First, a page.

- Multiple uses: The demand for a commodity, which can be put to a variety of uses, will be relatively elastic demand for instance, electricity can be used for cooking, heating, lighting, washing etc. When the price of services rises, the consumers can cut down on some of the uses of electricity, confining themselves to the more urgent uses. The demand for electricity will, therefore, be elastic.
- Role of habits: Habits also play a role in the determination of elasticities For instance, if a person has developed the habits of smoking, he may not be able to reduce his consumption of cigarettes even when the price of cigarettes’ goes up. His demand for cigarettes will be inelastic.
- Durability of the goods: In case of a durable goods (for instance, a piece of furniture), a change in price would not affect demand very much. Because most of the consumers will not buy a new piece of furniture until the old one is totally worn out. For this reason, durable goods usually have low elasticities of demand.
- Availability of substitutes: The commodities, for which other substitutes are available in the market, have more elastic demands as compared to commodities without proper substitutes. A good example is that of tea, for which coffee is generally available as a substitute. A change in the price of tea, causes almost proportional change in its demand.
(b) Five determinants of shift in the supply curves:
- Change in price of inputs: The supply of a commodity is also affected by change in price of inputs used in the production of good. If the price of inputs (Wages of labour, prices of raw materials and fuel) goes up, the gross cost of production will rise and as a result the supply of the commodity decreases. On the other hand, if the price of inputs declines, unit cost of production declines and as a result the supply of the commodity increases.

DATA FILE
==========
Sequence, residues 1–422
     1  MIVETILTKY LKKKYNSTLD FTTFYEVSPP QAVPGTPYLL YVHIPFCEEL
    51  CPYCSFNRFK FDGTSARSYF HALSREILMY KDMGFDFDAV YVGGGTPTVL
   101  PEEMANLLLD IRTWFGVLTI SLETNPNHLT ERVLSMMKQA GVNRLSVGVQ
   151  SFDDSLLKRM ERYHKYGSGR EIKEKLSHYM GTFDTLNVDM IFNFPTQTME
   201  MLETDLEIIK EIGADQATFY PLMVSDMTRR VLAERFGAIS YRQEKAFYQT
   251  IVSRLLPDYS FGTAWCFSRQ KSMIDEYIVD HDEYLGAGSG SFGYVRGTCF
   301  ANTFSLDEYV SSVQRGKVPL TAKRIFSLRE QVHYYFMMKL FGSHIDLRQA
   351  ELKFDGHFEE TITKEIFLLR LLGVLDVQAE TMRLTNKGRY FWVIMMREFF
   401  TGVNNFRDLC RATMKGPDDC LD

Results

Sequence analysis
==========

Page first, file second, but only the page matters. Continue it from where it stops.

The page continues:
- Change in Technology: The supply of a commodity depends on the production technology used by the firm. If there is an improvement in the production technology used by the firm, the cost of production declines. Lower cost of production increases the supply of a commodity. The use of obsolete technology raises the cost of production and consequently supply of a commodity decreases.
- Change in Goals of Hie firm: The supply of a commodity also depends upon the goals of firms. Their goals may be profit maximization or sales maximisation. If their goal is to maximise profits, more quantity will be supplied only at high price. But if the firms want to maximise their sales more quantity will be supplied even at the same price. Thus, change in the goals of the producers also influences the supply.
- Change in Government policy: The Government policy also affects the supply of a commodify. If there is an increase in excise duties and heavy taxes are imposed, the producers will be discouraged and the supply will decrease.